A Christmas Carol at The Old Vic 2023 | Review

This isn’t the only production of A Christmas Carol to become a London seasonal institution in recent years – there’s also Antic Disposition’s production, usually at Middle Temple Hall, a venue steeped in centuries of history. Here, The Old Vic is reconfigured from its usual proscenium arch seating layout into a sprawling but lean stage in the shape of a crossroads. The cast do a good job in coming and going from all four sides, as well as ensuring patrons have a reasonable view wherever they are sat in the auditorium – there is no stage revolve, and the company therefore moves around almost constantly, but without making people feel dizzy.

The Company of A Christmas Carol at the Old Vic. Photo by Manuel Harlan.
The Company of A Christmas Carol at the Old Vic. Photo by Manuel Harlan.

Regular readers will be aware of the importance, rightly or wrongly, I attach to production titles, and this one is kind enough not only to include a Christmas carol, but several. Ebenezer Scrooge (Christopher Eccleston), even after his Damascene conversion, admits to still disliking them, but has resigned himself to hearing another one anyway. To be fair to him, some of them are a little odd, such as the final lyric in ‘Once in Royal David’s City’ (a carol not used, unless I missed it, in this show), “When like stars His children crowned / All in white shall wait around” – wait around for what? Then there’s “Lo! He abhors not the Virgin’s womb” in ‘O Come, All Ye Faithful’…

There are no big surprises, story-wise, in this production, apart from perhaps the omission of “You, boy!” even if Scrooge does ask someone what day it is – eventually. The dreaded moment in the second half when the house lights go up in the name of audience participation actually resulted in something remarkably pleasant, which the audience responded to very warmly, and rightly so, and the snow effects are impressive.

Rob Howell’s set and costumes, the former including several dozen lanterns above the stage (the show was more than sufficiently engaging that I never felt the inclination to look up and count exactly how many there were) and the latter very much of an era of coattails and top hats, were entirely in keeping with the Dickensian times of the 1843 novella. I found this refreshing and in contrast to so many classic stories that are unnecessarily dragged into the twenty-first century, ostensibly in the name of contemporary relevance.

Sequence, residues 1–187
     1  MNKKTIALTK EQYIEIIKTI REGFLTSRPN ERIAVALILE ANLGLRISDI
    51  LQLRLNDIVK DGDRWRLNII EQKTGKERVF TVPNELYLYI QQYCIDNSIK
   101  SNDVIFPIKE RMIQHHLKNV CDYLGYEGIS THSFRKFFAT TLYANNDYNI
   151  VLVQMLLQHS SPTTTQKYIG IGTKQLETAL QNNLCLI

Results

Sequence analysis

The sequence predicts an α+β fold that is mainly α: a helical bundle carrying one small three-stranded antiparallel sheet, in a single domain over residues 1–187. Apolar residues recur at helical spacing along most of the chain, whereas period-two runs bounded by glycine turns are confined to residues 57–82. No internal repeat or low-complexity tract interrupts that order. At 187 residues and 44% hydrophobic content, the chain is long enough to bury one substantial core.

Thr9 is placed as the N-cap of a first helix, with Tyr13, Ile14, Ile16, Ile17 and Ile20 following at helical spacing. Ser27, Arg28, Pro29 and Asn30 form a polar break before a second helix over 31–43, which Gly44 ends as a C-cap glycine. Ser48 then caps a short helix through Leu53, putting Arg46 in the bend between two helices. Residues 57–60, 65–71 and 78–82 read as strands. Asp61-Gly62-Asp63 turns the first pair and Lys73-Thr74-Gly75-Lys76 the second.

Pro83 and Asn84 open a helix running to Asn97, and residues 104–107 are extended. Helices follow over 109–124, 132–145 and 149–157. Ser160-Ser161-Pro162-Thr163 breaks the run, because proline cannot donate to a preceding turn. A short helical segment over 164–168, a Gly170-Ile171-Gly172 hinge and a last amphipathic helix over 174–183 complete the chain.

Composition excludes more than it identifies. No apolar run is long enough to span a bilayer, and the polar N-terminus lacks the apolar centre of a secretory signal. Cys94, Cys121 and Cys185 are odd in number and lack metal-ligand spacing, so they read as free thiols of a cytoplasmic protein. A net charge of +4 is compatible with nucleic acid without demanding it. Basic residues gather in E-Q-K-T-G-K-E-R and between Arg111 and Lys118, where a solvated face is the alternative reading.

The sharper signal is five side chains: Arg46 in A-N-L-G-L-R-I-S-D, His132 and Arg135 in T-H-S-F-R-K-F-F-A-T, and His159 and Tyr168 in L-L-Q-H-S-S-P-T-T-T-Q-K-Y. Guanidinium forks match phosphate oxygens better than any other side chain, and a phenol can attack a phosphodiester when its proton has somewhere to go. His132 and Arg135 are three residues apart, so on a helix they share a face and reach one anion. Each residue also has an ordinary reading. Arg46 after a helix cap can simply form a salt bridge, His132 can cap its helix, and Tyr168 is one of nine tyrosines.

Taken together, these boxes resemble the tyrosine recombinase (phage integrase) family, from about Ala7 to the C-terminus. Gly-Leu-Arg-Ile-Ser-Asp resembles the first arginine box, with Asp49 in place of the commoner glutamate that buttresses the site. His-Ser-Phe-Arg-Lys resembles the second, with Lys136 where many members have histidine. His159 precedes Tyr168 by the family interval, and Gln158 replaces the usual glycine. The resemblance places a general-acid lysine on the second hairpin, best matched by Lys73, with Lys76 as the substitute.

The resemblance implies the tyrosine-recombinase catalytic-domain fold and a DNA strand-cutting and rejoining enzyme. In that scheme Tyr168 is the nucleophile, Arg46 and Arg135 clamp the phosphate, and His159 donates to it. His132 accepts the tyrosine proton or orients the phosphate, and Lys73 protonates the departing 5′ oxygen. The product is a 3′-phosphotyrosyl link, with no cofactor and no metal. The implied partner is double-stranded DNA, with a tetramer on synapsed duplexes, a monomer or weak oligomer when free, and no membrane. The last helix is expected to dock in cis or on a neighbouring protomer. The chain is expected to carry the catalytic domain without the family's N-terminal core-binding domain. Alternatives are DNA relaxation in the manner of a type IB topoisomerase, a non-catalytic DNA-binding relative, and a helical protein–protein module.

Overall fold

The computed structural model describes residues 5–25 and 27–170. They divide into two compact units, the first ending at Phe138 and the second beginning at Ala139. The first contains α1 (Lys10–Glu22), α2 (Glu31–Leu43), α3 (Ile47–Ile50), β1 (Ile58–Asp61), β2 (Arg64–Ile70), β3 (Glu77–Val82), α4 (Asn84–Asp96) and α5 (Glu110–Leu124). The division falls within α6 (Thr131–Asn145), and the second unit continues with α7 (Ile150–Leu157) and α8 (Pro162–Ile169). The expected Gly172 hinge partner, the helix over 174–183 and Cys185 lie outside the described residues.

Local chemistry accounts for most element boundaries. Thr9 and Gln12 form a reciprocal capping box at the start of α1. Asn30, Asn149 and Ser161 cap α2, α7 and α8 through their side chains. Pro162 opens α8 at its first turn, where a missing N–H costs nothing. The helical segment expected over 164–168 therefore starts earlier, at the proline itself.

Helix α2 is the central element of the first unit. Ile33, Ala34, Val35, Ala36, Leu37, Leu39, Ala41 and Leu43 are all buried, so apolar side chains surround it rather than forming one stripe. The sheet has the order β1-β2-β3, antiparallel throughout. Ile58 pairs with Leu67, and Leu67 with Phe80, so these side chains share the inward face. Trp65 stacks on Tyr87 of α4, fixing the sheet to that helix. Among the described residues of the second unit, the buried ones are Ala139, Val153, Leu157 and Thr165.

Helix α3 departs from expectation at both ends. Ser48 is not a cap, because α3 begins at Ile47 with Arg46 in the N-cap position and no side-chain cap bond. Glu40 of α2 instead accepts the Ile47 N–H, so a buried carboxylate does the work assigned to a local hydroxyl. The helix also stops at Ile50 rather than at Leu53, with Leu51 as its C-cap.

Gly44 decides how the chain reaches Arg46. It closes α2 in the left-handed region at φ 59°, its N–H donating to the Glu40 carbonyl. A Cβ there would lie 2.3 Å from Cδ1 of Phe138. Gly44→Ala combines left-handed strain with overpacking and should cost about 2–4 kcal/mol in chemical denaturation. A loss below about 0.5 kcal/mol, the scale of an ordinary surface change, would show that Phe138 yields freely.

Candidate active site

It is, of course, something of an indictment on modern society that there is no need to update the story: there is child poverty now as there was then. Tiny Tim (on press night, Freddie Merritt, sharing the role with Casey-Indigo Blackwood-Lashley, Alexander Joseph and Freddie Marshall-Ellis) understandably gets ‘oohs’ and ‘aahs’ from the audience at large. Eccleston’s Scrooge is nuanced, more of a busier than busy man who finds fulfilment in his line of work rather than a menacing presence, someone who others shake their heads at resignedly rather than be frightened of.

Bob Cratchit (Rob Compton, who sings brilliantly, as Scrooge acknowledges in an aside) is perennially good-natured, but never one-dimensionally so, carefully weighing up his responses to Scrooge’s no-nonsense approach. The musicians, led by Alan Berry, are kept busy throughout, with a near-relentless underscoring that some might find a tad over the top. At various points, the company indulges in coordinated and tuneful bell ringing. And at just the right length for a family audience – each half was about fifty minutes – this is a wholesome winter winner of a show. No wonder some patrons return to this production year after year.

5 Stars

Review by Chris Omaweng

Matthew Warchus’ big-hearted, smash hit production of Charles Dickens’ immortal classic returns to The Old Vic, joyously adapted for the stage by Jack Thorne (Harry Potter and the Cursed Child, His Dark Materials) and starring Emmy Award-winner Christopher Eccleston (Accused, The Leftovers) as Ebenezer Scrooge.

A Christmas Carol  fills the auditorium to the brim with mince pies, music and merriment. A unique staging immerses the audience in London’s longest-running adaptation of this beloved festive favourite.

Christopher Eccleston – Ebenezer Scrooge
Jeremy Batt – Swing
Rob Compton – Bob Cratchit
Geraint Downing – Ferdy/George
James Hume – Nicholas
Hana Ichijo – Jess
Jessica Joslin – Mrs Cratchit
Julie Jupp – Ghost of Christmas Past
Gemma Knight Jones – Ghost of Christmas Present/Mrs Fezziwig
Andrew Langtree – Father/Marley
Matthew Maddison – Young Ebenezer
Frances McNamee – Belle
Rachel Moran – Swing/ Dance Captain
Alastair Parker – Fezziwig
Rose Shalloo – Little Fan
Samuel Townsend – Fred
Casey-Indigo Blackwood-Lashley – Tiny Tim
Alexander Joseph – Tiny Tim
Samuel Townsend – Fred
Casey-Indigo Blackwood-Lashley – Tiny Tim
Alexander Joseph – Tiny Tim
Freddie Marshall-Ellis – Tiny Tim
Freddie Merritt – Tiny Tim

A version by Jack Thorne
Director Matthew Warchus
Set & Costume Rob Howell
Composer & Arranger Christopher Nightingale
Lighting Hugh Vanstone
Broadcast Sound & Video Simon Baker
Movement Lizzi Gee
Casting Jessica Ronane CDG
Associate Music Supervisor & Musical Director Will Stuart
Voice Charlie Hughes-D’Aeth
Associate Director Jamie Manton
2nd Associate Director Josh Seymour
Associate Set Ben Davies
Associate Costume Irene Bohan
Associate Lighting Sam Waddington
Associate Broadcast Sound & Video Jay Jones
Associate Movement Sam Archer
Associate Musical Director Laurie Perkins

Musical Director/Piano Will Stuart
Cello Christopher Allan
Whistles/Bass Clarinet/Clarinet Martin Robertson
Cello/Double Bass Clare Taylor
Cello/Double Bass Pedro Vieira da Silva

11 Nov 2023–06 Jan 2024

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